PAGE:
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SMC lines up events for Rock the Vote Festival

Liz Harter | Wednesday, September 17, 2008

When Saint Mary’s students walked past the parking lot in between McCandless Hall and the Student Center on Tuesday they were met with the sight of a red, white and blue bus with the words “Voter’s Self Defense System, Project Vote Smart” on the side.

The bus, a part of www.votesmart.org , travels the country with information about the Web site and organization which provides non-partisan, unbiased information on over 40,000 candidates running in local, state and national elections, arrived at the College five hours early and left three hours ahead of schedule due to a miscommunication between Saint Mary’s and the Vote Smart organizers.

“It was a miscommunication between us, we need to be in Indianapolis tomorrow morning which will be a three hour drive or so,” Bob Kastan, the deputy media director of Vote Smart said.

The bus, which had come through South Bend before, had made its way to the College from the University of Toledo and was on its way to Indiana University-Purdue University Indianapolis (IUPUI).

“Last time we came to South Bend we came to Notre Dame but we try to get to as many campuses as possible so we wanted to come to Saint Mary’s this time,” Kastan said. “It happened to coincide with this Rock the Vote festival so it worked out well.”

Kastan said quite a few students visited the bus while it was on campus who were interested in finding out about Governor Sarah Palin, Senator Barack Obama and Senator John McCain but he knew many students would not be able to visit because they were in class.

“A few people came to us interested in their state candidates because we have information on candidates running in local and state elections in all 50 states,” Kastan said.

The Vote Smart Bus was on campus as a part of the College’s second Super Tuesday event. Every Tuesday through Election Day, Saint Mary’s will host events aimed to inform students about the issues about the election.

Yesterday’s event also included a Rock the Vote festival in the Student Center atrium during which students could get information from the College Republicans, the College Democrats, the Political Science Club and the League of Women Voters, among others.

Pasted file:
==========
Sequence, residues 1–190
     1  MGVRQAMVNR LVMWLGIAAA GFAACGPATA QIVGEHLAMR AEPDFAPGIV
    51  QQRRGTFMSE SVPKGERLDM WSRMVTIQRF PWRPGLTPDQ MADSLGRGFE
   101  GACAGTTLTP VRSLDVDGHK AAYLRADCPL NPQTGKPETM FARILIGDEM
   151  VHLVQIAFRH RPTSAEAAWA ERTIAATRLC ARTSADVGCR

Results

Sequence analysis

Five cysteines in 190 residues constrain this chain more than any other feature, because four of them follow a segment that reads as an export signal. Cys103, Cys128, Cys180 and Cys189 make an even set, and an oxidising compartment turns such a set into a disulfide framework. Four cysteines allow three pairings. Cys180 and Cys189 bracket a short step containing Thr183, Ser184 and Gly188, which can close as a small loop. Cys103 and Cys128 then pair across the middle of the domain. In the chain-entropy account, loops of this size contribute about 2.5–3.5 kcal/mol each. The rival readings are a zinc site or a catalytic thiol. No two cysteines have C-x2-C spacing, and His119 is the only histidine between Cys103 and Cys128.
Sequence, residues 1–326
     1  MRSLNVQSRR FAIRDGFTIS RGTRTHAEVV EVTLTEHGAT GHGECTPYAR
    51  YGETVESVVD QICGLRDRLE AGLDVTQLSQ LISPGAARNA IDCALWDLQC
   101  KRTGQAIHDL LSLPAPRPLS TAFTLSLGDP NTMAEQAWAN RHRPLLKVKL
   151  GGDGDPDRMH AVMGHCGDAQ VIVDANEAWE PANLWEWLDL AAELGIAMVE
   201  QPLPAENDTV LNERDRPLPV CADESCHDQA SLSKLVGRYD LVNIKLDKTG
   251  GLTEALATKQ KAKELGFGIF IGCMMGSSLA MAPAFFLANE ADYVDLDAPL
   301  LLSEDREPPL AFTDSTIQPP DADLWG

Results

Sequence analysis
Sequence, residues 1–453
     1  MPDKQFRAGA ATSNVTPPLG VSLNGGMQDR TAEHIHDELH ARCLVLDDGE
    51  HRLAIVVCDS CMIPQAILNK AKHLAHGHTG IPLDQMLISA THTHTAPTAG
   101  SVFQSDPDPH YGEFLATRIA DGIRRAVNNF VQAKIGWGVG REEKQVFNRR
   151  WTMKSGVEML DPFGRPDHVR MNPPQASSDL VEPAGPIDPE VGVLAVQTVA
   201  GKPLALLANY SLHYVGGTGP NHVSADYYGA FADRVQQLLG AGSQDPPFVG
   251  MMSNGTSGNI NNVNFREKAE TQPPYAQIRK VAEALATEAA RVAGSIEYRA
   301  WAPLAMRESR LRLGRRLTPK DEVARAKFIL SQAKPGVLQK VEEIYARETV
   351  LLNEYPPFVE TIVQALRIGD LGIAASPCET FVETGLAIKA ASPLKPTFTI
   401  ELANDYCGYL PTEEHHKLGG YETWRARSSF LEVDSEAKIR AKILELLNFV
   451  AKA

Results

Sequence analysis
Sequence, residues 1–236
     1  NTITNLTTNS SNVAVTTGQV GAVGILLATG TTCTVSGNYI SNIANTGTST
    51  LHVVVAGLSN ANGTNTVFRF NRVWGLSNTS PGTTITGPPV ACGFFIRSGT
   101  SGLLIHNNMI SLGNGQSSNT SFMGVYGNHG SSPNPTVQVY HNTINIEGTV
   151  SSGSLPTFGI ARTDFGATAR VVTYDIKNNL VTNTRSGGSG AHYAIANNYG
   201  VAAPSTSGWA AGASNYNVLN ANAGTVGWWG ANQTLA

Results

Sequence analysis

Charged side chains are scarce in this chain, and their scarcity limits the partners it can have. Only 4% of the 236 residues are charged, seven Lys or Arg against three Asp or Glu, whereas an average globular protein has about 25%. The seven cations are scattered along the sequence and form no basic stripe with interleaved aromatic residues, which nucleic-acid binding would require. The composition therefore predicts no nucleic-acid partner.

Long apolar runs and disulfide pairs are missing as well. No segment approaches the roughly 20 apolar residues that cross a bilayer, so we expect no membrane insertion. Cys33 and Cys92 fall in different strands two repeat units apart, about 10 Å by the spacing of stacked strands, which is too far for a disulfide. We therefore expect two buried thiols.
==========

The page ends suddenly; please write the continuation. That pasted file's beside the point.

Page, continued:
The College Democrats saw a large group of students, both “hardcore” Democrats and people who were curious about the Democratic Party, visit their booth, which excited Missy Waik, the club’s secretary.

“It’s great that people feel as if their vote counts, which it absolutely does, which can help improve America for the better,” Waik said.

The College Republicans also had a lot of people visit their table, though most of their visitors were self-confessed Republicans.

“A lot of our club members brought Republican friends who aren’t necessarily in the club but wanted to register or vote or get more information,” club vice president Caitlin Sullivan said.


The Observer is a Student-run, daily print & online newspaper serving Notre Dame & Saint Mary's. Learn more about us.



SMC lines up events for Rock the Vote Festival

Mandi Stirone | Wednesday, September 17, 2008

Patrick Pierce, a professor of political science at Saint Mary’s explained that the Electoral College is used as the method of selecting the president at a lecture during the College’s Rock the Vote Festival.

Pierce – part of the Festival’s committee which was made up of faculty, staff and students – said he thought students might want to understand what the Electoral College does in relation to the election.

He discussed the current election and people’s voting inclinations and explained what he thinks people really look for when they vote.

“It’s not really the self-interest thing that drives people,” he said. “It’s finding someone who inspires them.”

The Electoral College was put in place by the framers of the Constitution, something those trying to understand it today need to keep in mind, he said.

“I think the main thing [people ask] is why in the world we would have something like it,” he said.

Democracy was associated with mob rule when the Constitution was written, he said. Because of this the framers were not willing to allow a popular vote but gave the actual vote to representatives of the state to avoid “issues of judgment.”

“The electors were supposed to be smarter [than the average person],” he said.

These representatives come from every state and the District of Columbia. They number of Electoral Votes a state has is based on the number of representatives they have as well as each state’s two Senators, he said.

The states are allowed to make their own laws regarding the Electoral College and in half of the states it is illegal for electors to vote against the popular vote of their state, in the other half, “they rarely vote against the people,” he said.

The few that vote against the popular vote are known as “faithless electors,” he said.

“Imagine how much pressure you face,” Pierce said.

It is possible for the Electoral College to elect a president that the popular vote didn’t elect which is one of the biggest problems many people have with the system, he said.

This has only happened three times, and two of the three, including the 2000 presidential election in which Bush gained more electoral votes than Al Gore, but did not win the popular vote, are “legally suspect,” he said.

He said politicians are reluctant to change or remove the Electoral College because the margin of victory would be smaller, currently it “appears that the public has supported you more.”

“If you want a strong president, you have some reason to be nervous about a national popular vote,” he said.